||Nitrosamines and other hazardous emissions from engine crankcases /
Baines, Thomas M.
||Environmental Protection Agency, Ann Arbor, MI. Control Technology Assessment and Characterization Branch.
|| U.S. Environmental Protection Agency, Office of Air, Noise and Radiation, Office of Mobile Source Air Pollution Control, Emission Control Technology Division, Control Technology Assessment and Characterization Branch,
Automobiles--Motors--Exhaust gas. ;
Environmental impact analysis. ;
Cranks and crankshafts. ;
Motor vehicles--Starting devices.
Air pollution ;
Nitroso compounds ;
Nitrogen oxides ;
Lubricating oil ;
Hazardous materials ;
Nitrogen organic compounds ;
||NVFEL Library/Ann Arbor, MI
||Some EPA libraries have a fiche copy filed under the call number shown.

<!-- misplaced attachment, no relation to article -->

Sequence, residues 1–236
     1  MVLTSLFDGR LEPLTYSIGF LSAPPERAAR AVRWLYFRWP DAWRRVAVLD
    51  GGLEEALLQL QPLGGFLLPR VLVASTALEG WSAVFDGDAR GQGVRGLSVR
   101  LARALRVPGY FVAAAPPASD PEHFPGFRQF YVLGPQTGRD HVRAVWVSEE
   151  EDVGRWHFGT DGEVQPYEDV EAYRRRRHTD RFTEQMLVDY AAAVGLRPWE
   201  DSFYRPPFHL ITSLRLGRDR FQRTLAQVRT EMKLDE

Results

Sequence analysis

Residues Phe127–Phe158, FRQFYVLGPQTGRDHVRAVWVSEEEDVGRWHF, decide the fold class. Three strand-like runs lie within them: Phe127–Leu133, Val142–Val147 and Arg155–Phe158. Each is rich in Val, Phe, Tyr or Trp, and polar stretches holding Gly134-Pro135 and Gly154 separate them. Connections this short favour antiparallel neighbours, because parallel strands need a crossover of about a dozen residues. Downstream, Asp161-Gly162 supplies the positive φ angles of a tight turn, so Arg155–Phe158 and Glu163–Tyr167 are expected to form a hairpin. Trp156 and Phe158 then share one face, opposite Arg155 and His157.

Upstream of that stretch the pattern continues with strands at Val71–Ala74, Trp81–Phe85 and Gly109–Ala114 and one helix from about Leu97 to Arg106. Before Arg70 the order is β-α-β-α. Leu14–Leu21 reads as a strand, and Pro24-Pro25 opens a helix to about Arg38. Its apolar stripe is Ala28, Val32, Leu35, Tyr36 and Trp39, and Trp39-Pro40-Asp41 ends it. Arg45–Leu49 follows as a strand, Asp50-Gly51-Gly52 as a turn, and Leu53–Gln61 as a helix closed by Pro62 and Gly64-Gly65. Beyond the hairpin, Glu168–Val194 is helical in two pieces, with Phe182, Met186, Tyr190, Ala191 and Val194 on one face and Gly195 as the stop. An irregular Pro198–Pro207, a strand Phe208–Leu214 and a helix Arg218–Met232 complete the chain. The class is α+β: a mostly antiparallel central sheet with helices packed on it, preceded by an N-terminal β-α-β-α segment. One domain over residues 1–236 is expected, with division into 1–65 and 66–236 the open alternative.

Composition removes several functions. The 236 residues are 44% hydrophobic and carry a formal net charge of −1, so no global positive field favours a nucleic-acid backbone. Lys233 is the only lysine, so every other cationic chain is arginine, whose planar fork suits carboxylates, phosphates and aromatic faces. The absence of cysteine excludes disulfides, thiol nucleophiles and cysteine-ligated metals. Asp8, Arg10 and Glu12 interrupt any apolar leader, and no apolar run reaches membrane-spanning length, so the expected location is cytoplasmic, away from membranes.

||12 p. ; 28 cm.
The emissions from heavy duty Diesel crankcases contain a number of hazardous compounds. Research has discovered some of them and it may be possible that there are some that have not yet been quantified. Nitrosamines (a potent carcinogen in animals and probably also in humans) are emitted from engines using fresh oil. These emissions seem to be a function of the type of oil used and some engine parameters such as crankcase flow rate of NOx compounds. Used lubricating oil has been shown to contain carcinogenic compounds such as benzo-a-pyrene. It has also been shown to be mutagenic. Therefore it can be concluded that the particulate portion of the crankcase effluent stream may start out after an oil change at a level containing few carcinogenic compounds but the level of these compounds increases with time. In conclusion, crankcases emit a variety of hazardous chemicals and evaluation of the costs and benefits of the control of these emissions should be seriously considered.
"EPA/AA/CTAB/PA/81-15." Cover title. "June, 1981." Technical Report. Includes bibliographical references (p. 11-12).